As first graders, my kids are right around the age where it’s common to start losing teeth. And, like many things, it has a way of turning into something of a competition (among both kids and parents).
“Chloe has already lost four,” said one mom, as a group of us stood outside the school waiting for dismissal. “But I shouldn’t be surprised – she got her first tooth at four months!”
I rolled my eyes as discreetly as I could.
Chloe, however, wasn’t the only periodontal prodigy. It turns out two more kids in the class sprouted teeth early as babies. As much as I wanted this discussion to lose steam, it didn’t, and soon I faced the inevitable question of when Austin and Scarlett starting teething.
“Honestly, I don’t know,” I said. And it’s the truth. Perhaps I can chalk it up to the sleep deprivation I endured as a mom of premie twins. But more likely, this fact simply wasn’t committed to memory, because it wasn’t all that significant.
What does stick in my mind are the milestones that really mattered, like when they were discharged from the NICU, when they were cleared by their physical therapist, when they took their first steps. And then there’s the date I’ll never forget:
That’s the day we were told my son no longer needed his apnea monitor. He hadn’t experienced any bradychardiac episodes for 6 weeks, and his doctors were confident that his lungs had grown strong enough. For me, it meant finally disposing of the belt that had to be fastened to his chest to ensure accurate readings. Although it weighed just a few ounces, getting rid of it felt like an enormous weight had been lifted.
It wasn’t so much the monitor itself that brought on so much stress, but what it represented – how vulnerable my little guy was, being born via emergency C-section and weighing less than four pounds.
At least, that should’ve been the case. But in reality, the monitor — and its constant need for maintenance — most certainly caused me to lose sleep. As I wrote about in a previous blog, the lack of reliable support in how to use the rather clunky device was appalling. When the machine beeped incessantly (and extremely loudly) because it wasn’t getting a read, there was no way to get a quick answer. The only solution was to turn the machine off while waiting for a call back from a representative (this, by the way, often took hours). When you turn the machine off, by the way, it leaves a gap in the data that can cause issues at the next doctor appointment.
In terms of both quality of the product and customer service, the company failed us. And so one day, rather than relying on Google searches for help in fastening the belt correctly, I decided to call the hospital in which my children were born — the one that discharged my son, along with the machine. I quickly found out that if you’re no longer a patient, the hospital couldn’t do anything to help, unless he was in distress.
“He’s not, but I am,” I said, half-jokingly. Instead, they suggested I contact the company. I wasn’t asking for replacement parts, mind you — I needed guidance. I needed support. What I got was an excuse about it being a third party. They couldn’t even give me a contact person. Instead, they passed the buck.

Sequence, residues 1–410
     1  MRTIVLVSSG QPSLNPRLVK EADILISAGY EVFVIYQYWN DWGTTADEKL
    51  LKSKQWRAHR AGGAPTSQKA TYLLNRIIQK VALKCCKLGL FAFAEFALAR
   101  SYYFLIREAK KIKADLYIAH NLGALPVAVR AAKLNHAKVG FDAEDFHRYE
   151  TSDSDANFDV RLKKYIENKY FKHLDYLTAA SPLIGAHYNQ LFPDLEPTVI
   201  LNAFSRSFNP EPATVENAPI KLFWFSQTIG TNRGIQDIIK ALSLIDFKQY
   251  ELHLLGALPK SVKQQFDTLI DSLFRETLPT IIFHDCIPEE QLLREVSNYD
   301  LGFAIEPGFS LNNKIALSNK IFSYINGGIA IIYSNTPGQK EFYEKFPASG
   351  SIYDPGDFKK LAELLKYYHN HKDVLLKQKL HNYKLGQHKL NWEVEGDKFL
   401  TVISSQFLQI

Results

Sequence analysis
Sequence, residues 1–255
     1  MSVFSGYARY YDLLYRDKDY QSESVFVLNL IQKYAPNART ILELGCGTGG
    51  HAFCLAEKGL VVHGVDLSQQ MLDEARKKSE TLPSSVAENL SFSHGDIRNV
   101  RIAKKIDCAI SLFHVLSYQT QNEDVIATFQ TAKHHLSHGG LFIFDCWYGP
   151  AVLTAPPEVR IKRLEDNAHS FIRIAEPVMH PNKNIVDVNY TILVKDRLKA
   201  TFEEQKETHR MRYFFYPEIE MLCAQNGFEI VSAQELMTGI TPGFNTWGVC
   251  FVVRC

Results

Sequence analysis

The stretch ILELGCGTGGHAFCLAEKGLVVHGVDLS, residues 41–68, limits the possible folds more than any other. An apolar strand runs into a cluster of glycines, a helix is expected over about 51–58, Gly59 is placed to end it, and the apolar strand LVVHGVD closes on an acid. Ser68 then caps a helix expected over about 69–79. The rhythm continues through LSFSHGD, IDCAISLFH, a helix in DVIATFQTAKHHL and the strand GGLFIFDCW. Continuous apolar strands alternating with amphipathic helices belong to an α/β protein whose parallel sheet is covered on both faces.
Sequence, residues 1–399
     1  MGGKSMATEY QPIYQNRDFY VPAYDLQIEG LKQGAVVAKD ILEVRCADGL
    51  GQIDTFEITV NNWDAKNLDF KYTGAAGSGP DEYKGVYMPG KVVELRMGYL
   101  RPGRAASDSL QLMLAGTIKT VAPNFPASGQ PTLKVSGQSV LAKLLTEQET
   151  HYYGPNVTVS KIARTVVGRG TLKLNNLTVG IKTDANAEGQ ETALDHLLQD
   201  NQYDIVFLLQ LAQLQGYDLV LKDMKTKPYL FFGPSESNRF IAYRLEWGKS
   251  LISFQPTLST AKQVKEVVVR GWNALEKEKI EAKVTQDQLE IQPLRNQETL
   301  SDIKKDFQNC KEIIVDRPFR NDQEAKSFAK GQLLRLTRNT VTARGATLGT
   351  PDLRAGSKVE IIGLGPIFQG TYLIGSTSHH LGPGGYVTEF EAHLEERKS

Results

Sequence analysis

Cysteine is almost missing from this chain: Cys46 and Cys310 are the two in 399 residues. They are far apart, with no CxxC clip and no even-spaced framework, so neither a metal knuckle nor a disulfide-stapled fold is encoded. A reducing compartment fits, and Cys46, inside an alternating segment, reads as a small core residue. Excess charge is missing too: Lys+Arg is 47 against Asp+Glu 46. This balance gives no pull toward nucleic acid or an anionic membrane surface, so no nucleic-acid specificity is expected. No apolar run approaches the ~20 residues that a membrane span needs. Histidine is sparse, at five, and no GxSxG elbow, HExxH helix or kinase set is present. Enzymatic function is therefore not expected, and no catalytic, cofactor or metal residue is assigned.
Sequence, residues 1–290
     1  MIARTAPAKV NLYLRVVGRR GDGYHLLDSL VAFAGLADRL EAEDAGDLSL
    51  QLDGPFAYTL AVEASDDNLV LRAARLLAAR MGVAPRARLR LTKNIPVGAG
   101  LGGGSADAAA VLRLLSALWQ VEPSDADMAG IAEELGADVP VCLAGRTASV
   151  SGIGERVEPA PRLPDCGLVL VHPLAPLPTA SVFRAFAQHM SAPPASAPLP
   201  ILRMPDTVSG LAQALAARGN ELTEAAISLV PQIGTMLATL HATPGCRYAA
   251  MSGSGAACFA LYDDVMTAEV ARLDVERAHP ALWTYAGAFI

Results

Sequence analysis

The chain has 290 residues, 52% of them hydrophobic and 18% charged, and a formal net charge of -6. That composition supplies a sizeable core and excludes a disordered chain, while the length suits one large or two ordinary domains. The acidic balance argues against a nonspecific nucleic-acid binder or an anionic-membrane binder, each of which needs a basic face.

At least, that’s how it felt to me.
I thought of this recently for two reasons: the first being the anniversary of Austin being monitor-free (six years today!), and the second being an article I read recently on the struggles faced by many Amazon drivers. The company, according to Business Insider, delivered more than 5 billion Prime packages in 2017. But it seems the cost of this convenience far exceeds the $119 members pay annually for two-day shipping.
Through discussions with 31 current or recently employed drivers, Business Insider uncovered “a variety of alleged abuses, including lack of overtime pay, missing wages, intimidation, and favoritism. Drivers also described a physically demanding work environment in which, under strict time constraints, they felt pressured to drive at dangerously high speeds, blow stop signs, and skip meal and bathroom breaks.”
Makes you think twice about that membership, right?
Interestingly, however, when a link to the piece was published on LinkedIn, several individuals were quick to point out that many of these incidents involved delivery service partners that are contracted by Amazon. By this logic, Amazon itself isn’t to blame, but rather, the companies they use in an effort to save costs.
I don’t know about you, but I’m not buying it. First of all, it’s entirely possible that these companies faced mounting pressure from Amazon to deliver more packages within a shorter timeframe, and thus, were focused more on results than employee satisfaction. Second, by contracting with third-parties, Amazon is trusting them with their coveted brand, and so the onus is on Jeff Bezos and crew to do a better job vetting these companies and implementing (and perhaps enforcing) policies to ensure workers are treated fairly.
As was the case with the aforementioned hospital, by choosing to align with another organization and rely on them to deliver results, you’re putting your own reputation on the line. Customers aren’t going to complain to (and about) third parties; they’re going straight to the top, as well they should.
And when issues aren’t resolved, that’s who their going to remember — even if their memory is as foggy as mine.